The value of nascent blockchain technology to be applied to established commodities markets remains a hot topic as we move through 2018. Forward looking commodities trading companies are looking carefully at their dusty old processes through the lens of digital disruption. Distributed ledger technology, often used interchangeably with “blockchain”, promises potential to improve efficiency and security in back office functions such as clearing and settlement.
However, in oil markets, the first fully-fledged live commercial deployment took place at the UAE’s Port of Fujairah in February 2018. S&P Global Platts partnered with Fujairah Oil Industry Zone (FOIZ), FEDCom and the 11 terminal operators that use the flagship Middle Eastern facility on the creation of a full audit trail to collate weekly inventory oil products storage data at the home of the Middle East’s largest commercial storage capacity for refined oil products. It also shows the potential for this revolutionary technology to drive changes in energy markets, as a direct replacement for outmoded legacy processes.
The proactive steps taken by the government of Fujairah to invest in the latest cutting edge infrastructure while encouraging greater transparency are key requirements to becoming a global trading hub. This future oriented approach makes the port a robust inaugural physical environment for blockchain to prove its value. The early signs are positive.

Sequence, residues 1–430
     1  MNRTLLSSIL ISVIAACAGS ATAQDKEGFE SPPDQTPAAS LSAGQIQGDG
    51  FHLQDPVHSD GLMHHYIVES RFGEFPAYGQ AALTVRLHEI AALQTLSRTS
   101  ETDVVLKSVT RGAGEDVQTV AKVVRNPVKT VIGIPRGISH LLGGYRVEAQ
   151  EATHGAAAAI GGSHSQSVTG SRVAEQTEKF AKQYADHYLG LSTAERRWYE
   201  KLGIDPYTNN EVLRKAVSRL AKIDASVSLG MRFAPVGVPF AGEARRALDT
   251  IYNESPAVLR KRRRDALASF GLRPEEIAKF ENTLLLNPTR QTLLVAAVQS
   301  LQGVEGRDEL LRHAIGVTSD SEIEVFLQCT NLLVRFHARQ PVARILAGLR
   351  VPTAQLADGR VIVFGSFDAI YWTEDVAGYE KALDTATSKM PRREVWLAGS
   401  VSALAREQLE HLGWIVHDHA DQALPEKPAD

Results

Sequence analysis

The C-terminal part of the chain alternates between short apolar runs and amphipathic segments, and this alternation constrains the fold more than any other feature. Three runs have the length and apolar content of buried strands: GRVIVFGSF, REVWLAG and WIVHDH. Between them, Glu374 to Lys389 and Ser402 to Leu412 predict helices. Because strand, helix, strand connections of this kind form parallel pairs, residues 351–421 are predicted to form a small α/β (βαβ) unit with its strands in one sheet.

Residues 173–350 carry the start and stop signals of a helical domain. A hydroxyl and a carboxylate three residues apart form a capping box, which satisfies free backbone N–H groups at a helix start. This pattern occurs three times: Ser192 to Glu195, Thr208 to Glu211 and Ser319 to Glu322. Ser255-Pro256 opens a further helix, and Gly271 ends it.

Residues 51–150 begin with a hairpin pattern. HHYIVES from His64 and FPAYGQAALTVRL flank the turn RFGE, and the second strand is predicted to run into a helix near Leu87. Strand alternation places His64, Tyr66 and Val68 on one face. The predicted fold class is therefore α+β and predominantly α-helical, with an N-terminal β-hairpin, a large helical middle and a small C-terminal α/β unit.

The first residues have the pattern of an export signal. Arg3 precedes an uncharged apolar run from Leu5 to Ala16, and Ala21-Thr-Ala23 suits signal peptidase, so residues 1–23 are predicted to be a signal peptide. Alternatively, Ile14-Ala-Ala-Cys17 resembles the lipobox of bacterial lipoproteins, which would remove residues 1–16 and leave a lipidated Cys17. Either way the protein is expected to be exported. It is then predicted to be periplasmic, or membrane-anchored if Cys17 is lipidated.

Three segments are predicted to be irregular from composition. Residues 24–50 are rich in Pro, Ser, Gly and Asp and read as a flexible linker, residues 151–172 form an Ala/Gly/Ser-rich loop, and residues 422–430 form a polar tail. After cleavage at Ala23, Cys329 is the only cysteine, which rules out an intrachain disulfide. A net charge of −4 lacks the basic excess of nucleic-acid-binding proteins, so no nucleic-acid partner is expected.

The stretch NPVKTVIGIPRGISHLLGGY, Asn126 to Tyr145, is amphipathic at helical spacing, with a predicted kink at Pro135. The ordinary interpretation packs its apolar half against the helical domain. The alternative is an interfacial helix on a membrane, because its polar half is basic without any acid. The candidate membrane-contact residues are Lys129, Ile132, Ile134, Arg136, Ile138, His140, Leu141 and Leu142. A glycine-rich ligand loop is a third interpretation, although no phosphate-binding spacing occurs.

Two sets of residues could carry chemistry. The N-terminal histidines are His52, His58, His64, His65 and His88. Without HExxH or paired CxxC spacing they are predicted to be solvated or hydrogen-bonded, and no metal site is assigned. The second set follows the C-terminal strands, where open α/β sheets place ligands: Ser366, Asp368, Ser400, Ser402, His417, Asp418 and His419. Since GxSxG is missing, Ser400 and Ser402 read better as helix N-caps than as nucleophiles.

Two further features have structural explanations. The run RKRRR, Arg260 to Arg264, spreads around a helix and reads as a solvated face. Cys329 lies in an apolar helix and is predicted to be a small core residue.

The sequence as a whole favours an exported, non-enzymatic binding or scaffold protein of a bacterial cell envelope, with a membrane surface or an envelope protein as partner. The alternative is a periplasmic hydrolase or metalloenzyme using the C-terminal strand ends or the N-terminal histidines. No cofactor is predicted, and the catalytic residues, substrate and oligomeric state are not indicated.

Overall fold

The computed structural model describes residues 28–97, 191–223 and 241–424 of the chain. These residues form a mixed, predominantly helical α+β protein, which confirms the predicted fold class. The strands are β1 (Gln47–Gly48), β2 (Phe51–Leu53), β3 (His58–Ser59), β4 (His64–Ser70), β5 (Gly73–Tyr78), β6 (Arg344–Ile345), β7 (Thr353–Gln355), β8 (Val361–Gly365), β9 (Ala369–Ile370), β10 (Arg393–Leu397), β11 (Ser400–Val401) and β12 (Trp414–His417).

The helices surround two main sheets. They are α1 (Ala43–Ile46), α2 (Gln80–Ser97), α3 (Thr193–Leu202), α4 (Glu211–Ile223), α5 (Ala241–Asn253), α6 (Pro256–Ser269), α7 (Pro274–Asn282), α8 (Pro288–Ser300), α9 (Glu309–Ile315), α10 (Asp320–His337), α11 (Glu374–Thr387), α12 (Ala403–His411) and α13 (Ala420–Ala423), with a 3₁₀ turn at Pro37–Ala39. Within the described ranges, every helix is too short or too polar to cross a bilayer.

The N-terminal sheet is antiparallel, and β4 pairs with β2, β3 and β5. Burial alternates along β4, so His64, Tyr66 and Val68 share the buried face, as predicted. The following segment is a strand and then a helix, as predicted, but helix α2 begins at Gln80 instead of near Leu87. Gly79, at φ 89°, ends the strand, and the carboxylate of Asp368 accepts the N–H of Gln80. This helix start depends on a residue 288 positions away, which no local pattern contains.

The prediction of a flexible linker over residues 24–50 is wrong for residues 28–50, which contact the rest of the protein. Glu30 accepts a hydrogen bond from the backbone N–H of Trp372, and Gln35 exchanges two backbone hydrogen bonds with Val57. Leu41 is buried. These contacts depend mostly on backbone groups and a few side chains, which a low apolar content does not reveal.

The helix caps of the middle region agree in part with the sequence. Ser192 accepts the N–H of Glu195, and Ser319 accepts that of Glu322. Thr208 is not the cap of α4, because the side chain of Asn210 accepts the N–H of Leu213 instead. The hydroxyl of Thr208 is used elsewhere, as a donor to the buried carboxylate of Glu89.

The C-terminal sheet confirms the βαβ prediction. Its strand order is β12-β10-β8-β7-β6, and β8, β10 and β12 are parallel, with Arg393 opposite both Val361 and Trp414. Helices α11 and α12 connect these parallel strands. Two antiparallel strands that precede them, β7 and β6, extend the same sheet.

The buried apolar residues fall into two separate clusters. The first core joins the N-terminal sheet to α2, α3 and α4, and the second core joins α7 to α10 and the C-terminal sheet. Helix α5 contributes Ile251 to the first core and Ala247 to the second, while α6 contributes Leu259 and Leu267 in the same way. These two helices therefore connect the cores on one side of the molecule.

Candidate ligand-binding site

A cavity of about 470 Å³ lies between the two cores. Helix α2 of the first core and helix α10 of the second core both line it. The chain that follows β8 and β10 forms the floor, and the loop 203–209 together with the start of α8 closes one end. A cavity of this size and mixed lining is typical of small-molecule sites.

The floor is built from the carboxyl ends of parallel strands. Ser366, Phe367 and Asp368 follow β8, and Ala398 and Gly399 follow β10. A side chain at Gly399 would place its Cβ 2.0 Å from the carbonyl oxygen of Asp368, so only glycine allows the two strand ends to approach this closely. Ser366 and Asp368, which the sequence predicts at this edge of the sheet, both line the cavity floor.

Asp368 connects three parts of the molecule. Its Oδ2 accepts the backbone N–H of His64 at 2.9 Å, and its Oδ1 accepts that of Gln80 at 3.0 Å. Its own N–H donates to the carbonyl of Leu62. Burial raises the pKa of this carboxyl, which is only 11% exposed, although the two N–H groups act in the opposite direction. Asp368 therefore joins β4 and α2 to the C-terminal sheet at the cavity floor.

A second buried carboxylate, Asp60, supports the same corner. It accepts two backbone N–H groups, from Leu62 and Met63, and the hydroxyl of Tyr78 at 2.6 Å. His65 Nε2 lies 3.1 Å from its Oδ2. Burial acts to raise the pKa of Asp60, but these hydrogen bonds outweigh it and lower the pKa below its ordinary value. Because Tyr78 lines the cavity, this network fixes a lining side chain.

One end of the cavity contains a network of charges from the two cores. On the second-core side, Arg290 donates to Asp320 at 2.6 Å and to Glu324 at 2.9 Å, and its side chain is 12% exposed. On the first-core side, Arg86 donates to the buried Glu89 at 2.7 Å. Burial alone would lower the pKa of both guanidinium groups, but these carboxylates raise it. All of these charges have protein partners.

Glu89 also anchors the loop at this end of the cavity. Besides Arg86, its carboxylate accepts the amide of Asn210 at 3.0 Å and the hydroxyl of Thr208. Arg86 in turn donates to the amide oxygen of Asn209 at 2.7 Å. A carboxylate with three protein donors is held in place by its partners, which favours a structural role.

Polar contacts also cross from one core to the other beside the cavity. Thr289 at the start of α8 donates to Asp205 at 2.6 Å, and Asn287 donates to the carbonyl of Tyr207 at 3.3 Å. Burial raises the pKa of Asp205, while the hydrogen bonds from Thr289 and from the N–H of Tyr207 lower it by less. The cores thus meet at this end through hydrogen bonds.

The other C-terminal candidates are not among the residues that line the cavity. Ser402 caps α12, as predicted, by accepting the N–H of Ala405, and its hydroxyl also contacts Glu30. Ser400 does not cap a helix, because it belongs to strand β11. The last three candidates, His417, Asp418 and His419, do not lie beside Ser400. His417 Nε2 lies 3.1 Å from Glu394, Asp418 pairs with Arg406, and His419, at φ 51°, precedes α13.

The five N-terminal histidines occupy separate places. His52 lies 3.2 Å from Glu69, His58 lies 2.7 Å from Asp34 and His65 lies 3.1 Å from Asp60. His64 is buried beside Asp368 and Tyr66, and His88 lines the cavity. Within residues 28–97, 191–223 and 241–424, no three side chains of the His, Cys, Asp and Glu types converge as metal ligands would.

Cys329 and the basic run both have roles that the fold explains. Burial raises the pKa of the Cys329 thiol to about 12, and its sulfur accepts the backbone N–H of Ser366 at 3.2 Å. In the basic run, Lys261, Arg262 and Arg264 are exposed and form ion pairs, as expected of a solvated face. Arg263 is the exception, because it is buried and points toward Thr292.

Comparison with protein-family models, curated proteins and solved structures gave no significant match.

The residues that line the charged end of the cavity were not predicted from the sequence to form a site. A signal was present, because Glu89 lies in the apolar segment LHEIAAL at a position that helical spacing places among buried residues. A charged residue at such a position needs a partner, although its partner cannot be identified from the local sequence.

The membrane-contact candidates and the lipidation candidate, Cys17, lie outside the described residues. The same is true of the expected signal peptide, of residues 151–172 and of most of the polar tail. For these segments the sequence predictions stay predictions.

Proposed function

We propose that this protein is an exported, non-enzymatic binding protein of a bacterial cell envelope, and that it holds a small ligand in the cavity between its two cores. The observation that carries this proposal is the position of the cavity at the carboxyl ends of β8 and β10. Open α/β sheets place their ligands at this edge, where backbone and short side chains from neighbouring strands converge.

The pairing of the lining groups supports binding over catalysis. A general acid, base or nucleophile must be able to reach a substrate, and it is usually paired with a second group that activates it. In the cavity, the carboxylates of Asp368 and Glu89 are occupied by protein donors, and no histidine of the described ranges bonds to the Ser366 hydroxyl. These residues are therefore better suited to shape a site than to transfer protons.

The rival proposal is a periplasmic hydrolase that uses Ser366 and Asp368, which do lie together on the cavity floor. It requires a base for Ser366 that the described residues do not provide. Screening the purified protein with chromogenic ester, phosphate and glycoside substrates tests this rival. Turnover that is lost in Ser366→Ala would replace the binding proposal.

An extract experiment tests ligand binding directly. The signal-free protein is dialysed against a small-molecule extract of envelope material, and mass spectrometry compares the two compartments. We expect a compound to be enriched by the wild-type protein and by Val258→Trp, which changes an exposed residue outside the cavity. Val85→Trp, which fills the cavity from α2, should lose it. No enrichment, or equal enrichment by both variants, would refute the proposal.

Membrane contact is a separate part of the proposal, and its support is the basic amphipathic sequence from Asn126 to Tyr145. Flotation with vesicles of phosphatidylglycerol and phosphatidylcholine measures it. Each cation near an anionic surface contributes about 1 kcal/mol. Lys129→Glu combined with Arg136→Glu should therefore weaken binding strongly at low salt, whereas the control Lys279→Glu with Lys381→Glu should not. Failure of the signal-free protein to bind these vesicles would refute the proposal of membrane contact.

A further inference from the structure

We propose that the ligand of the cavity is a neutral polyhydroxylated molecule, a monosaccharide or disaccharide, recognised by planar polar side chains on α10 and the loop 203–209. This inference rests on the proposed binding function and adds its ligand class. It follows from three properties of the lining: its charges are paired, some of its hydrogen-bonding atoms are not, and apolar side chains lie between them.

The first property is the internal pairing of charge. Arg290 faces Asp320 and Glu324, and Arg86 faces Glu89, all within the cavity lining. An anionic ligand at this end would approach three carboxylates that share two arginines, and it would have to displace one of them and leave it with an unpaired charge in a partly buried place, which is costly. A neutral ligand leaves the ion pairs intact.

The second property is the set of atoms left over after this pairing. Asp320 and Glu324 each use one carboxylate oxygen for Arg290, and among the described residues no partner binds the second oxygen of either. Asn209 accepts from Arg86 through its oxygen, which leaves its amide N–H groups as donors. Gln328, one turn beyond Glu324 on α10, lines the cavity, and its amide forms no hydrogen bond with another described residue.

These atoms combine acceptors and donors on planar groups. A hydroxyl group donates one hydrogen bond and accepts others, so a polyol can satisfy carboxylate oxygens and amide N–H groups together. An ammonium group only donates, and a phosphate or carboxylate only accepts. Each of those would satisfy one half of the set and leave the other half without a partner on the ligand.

The emirate’s port is the world’s second largest bunkering hub, lying 70 nautical miles south of the Strait of Hormuz, the world’s most critical strategic chokepoint by volume of transit at around 18.5m b/d in 2016, according to the US Energy Information Administration (EIA). Comparatively, the Strait of Malacca takes second place with 16m b/d. As of Monday, March 21, total oil product stocks in Fujairah stood at 17.662 million barrels according to FedCom. A growth trajectory is justifiably expected. BP Outlook expects the Middle East to remain the largest oil producer and the second largest gas producer up to 2040, accounting for over 34 per cent of global liquids production and 20 per cent of gas production.
Fujairah’s venture raises a simple but significant question: where next? Advocates of the blockchain revolution will likely rise in 2018 as Middle Eastern energy entities seek to sharpen their financial and digital reputation on the global stage, especially amid the rise of well-equipped ports along the Indian Ocean’s coastline and intensifying competition for coveted Asian energy assets. There is also strong interest from market participants in the North American gas markets, for example, where compliance and filing of regulatory commodities flows is currently manual and therefore, more prone to error. Plus, energy majors BP, Shell and Statoil plan to co-develop a blockchain-based digital platform for energy trading by the end of this year. The investor group, which includes trading houses